LARAMIE – Keepers of the Fire, the oldest and only active recognized student organization on campus at the University of Wyoming, is sponsoring the March for Justice, highlighting the Missing and Murdered Indigenous Women and Girls Awareness Event that is taking place at 10 a.m. Friday, April 26, at the University of Wyoming.

Taryn Jim and Christie Wildcat organized the event. The march begins at 10 a.m. in front of the Union/Simpson’s Plaza at the University of Wyoming.

After the march, lunch, and presentations by guest speakers will be held at 12:30 p.m. at Washakie Dining Center.

At 2 p.m., Governor Mark Gordon is scheduled for the signing of the proclamation to declare May 5, 2019, as Missing and Murdered Indigenous Women and Girls Day for the entire state of Wyoming.

Affie Ellis (Navajo) is a State Senator representing southwest Laramie County, is a featured speaker at 1:45 p.m. She is the first native woman to be elected to the Wyoming Legislature and first Native to serve in the Wyoming Senate.

After graduating from the UW with degrees in Political Science and American Indian Studies, she worked for U.S. Senator Craig. She also worked as the Director of Congressional and Public Affairs for NIGC.

Ellis left Washington to attend law school at the CU. Upon graduating and moving to Cheyenne, Ellis served as an Assistant Attorney General for the Wyoming Attorney General’s Office. Ellis was tapped to serve on the national Indian Law and Order Commission created by the Tribal Law and Order Act of 2010 and has advocated for reforms outlined in the 2014 report, “Roadmap for Making Native America Safer.”

Ellis later ran her own consulting company before returning to the practice of law. As an attorney with Holland & Hart, Ellis has worked with the Wyoming Bar Association to establish a Federal Indian Law and Tribal Law Section, of which she chairs. She has also been involved in federal Indian law and policy throughout her career.

As a member of the Wyoming Legislature, Ellis serves on the Select Committee on Tribal Relations and has worked on measures to establish Native American studies in K-12 curriculum; to protect and repatriate American Indian archaeological human remains found on state/private lands; and to allow language courses in Eastern Shoshone and Northern Arapaho to satisfy Hathaway Scholarship.

Speaking at 1:30 p.m., Lynnette Grey Bull has been serving Tribal Nations for over 10 years. Grey Bull is the Founder/Director of Not Our Native Daughters, she served as Chair of the Arizona Commission of Indian Affairs at the Governor’s office in 2015 -2016 and served in the Arizona Governor’s Human Trafficking Task Force 2013 – 2016.

Grey Bull has presented a Congressional Briefing on Tribal Youth Suicide in 2016 for the American Psychological Association on Capitol Hill and provided statistics and research on the missing and exploited Native Women and Children for the United Nations World Conference on Indigenous Peoples in 2017.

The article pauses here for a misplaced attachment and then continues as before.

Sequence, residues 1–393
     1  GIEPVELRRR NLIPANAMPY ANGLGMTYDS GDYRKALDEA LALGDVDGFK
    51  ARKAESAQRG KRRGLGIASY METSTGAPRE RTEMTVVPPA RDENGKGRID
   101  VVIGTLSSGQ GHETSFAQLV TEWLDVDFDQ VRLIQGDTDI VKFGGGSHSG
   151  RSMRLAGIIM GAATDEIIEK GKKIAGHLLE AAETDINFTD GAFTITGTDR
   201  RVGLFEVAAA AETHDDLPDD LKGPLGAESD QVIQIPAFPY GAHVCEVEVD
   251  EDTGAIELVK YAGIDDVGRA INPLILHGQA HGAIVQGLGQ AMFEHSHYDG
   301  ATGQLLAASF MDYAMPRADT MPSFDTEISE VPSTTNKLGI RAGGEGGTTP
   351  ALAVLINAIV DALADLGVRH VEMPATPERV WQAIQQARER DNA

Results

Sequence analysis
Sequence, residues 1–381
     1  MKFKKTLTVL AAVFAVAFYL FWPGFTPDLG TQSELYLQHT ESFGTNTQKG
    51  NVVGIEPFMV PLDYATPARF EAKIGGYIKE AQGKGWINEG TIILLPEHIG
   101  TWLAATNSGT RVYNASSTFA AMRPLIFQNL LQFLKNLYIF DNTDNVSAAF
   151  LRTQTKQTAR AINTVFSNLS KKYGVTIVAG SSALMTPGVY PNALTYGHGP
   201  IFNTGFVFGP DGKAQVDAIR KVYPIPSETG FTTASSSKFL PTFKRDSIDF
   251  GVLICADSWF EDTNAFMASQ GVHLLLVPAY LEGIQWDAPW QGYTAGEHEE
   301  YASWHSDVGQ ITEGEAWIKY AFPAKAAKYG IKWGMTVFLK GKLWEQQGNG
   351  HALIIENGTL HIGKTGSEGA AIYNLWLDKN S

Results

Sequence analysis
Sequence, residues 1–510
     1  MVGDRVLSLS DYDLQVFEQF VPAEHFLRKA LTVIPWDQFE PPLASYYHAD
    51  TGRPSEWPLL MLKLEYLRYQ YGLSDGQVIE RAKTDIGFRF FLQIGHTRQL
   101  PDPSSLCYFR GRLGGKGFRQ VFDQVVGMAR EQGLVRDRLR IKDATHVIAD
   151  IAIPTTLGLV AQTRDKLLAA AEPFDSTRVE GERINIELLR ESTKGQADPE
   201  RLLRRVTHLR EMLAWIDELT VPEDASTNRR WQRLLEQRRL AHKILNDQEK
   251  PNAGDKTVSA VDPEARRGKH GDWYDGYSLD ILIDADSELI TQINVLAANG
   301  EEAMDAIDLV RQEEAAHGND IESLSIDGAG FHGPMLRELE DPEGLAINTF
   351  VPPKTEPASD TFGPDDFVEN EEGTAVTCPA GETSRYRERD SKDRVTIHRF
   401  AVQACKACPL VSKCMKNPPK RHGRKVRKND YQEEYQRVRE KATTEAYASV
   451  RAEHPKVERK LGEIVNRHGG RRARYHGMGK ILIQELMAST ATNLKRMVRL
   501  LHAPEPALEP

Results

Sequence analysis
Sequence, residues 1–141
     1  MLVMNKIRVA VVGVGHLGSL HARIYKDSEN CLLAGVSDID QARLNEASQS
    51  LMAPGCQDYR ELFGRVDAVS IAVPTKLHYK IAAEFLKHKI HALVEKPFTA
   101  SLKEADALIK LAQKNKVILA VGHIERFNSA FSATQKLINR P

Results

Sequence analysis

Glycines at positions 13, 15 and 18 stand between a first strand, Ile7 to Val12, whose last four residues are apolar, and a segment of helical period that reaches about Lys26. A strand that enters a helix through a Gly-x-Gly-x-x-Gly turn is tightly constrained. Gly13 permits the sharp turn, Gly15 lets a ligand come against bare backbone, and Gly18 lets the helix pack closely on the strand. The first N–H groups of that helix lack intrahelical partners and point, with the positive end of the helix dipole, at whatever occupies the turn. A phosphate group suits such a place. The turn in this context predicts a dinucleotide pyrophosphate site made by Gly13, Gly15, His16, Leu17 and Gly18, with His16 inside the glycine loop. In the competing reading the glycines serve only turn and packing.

Not Our Native Daughters has educated over 40 tribes, 7000 participants, on the rise of Human Trafficking in Indian Country and plays a huge role in the Missing Murdered Indigenous Movement.

Jazmine Wildcat, the first speaker at 12:45 p.m., is a sophomore at Riverton High School and has been featured in the Homegirl Project and Teen Vogue for her work advocating for gun control, and she was a speaker at the 2018 Teen Vogue Summit in New York.

As a 2017-2018 United National Indian Tribal Youth Earth Ambassador, a 2018-2019 UNITY 25 under 25 recipient, WeRNative Ambassador, and Generation Indigenous Ambassador, she utilizes those national platforms to speak about ”the many issues that are important to her including bringing awareness of violence against our Native women and the need to protect our Indigenous sisters from becoming a statistic.”

Her journey to advocate for Native women began in 2013 when she organized a rally for the passage of the Violence Against Women Act. As the 2018 outgoing Northern Arapaho Powwow Princess, she held a special to bring awareness of Missing and Murdered Indigenous Women and Girls.

Making her presentation at 1 p.m., Avis Garcia, Ph.D., L.P.C. L.A.T. (Northern Arapaho and the Eastern Shoshone) has earned a doctorate in counselor education and supervision at the University of Wyoming and is also a Licensed Professional Counselor, and Licensed Addictions Therapist.

For 18 years she has been a mental health provider in the treatment of Native American youth and families. She is also an advocate of education in Indian Country, a resource provider for promoting cultural enhancement of evidence-based practices and practice-based evidence of treatment approaches for Native American children and their families exposed to trauma.

Garcia is knowledgeable about the concerns of implementation and adaptation of evidence-based practices being introduced into Indian country.

Contact Taryn Jim at tjim@uwyo.edu or Christie Wildcat at cwildcat1@uwyo.edu for more information.